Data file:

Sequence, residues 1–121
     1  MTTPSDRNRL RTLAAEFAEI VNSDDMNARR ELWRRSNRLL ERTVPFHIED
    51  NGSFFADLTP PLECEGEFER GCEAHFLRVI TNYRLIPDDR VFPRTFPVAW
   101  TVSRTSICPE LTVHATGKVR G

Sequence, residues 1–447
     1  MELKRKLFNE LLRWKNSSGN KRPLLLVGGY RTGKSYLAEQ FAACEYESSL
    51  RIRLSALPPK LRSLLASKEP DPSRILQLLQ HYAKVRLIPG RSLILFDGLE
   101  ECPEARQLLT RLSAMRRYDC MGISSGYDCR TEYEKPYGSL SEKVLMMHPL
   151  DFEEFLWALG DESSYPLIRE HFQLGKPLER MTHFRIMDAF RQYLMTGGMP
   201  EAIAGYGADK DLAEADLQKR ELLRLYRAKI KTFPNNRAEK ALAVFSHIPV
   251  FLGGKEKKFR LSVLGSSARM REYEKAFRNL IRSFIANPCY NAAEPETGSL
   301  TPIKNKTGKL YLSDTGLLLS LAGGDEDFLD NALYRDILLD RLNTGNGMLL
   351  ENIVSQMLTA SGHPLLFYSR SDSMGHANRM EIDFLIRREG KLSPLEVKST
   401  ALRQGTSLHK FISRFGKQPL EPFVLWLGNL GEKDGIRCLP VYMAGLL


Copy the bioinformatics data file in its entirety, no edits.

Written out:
Sequence, residues 1–121
     1  MTTPSDRNRL RTLAAEFAEI VNSDDMNARR ELWRRSNRLL ERTVPFHIED
    51  NGSFFADLTP PLECEGEFER GCEAHFLRVI TNYRLIPDDR VFPRTFPVAW
   101  TVSRTSICPE LTVHATGKVR G

Sequence, residues 1–447
     1  MELKRKLFNE LLRWKNSSGN KRPLLLVGGY RTGKSYLAEQ FAACEYESSL
    51  RIRLSALPPK LRSLLASKEP DPSRILQLLQ HYAKVRLIPG RSLILFDGLE
   101  ECPEARQLLT RLSAMRRYDC MGISSGYDCR TEYEKPYGSL SEKVLMMHPL
   151  DFEEFLWALG DESSYPLIRE HFQLGKPLER MTHFRIMDAF RQYLMTGGMP
   201  EAIAGYGADK DLAEADLQKR ELLRLYRAKI KTFPNNRAEK ALAVFSHIPV
   251  FLGGKEKKFR LSVLGSSARM REYEKAFRNL IRSFIANPCY NAAEPETGSL
   301  TPIKNKTGKL YLSDTGLLLS LAGGDEDFLD NALYRDILLD RLNTGNGMLL
   351  ENIVSQMLTA SGHPLLFYSR SDSMGHANRM EIDFLIRREG KLSPLEVKST
   401  ALRQGTSLHK FISRFGKQPL EPFVLWLGNL GEKDGIRCLP VYMAGLL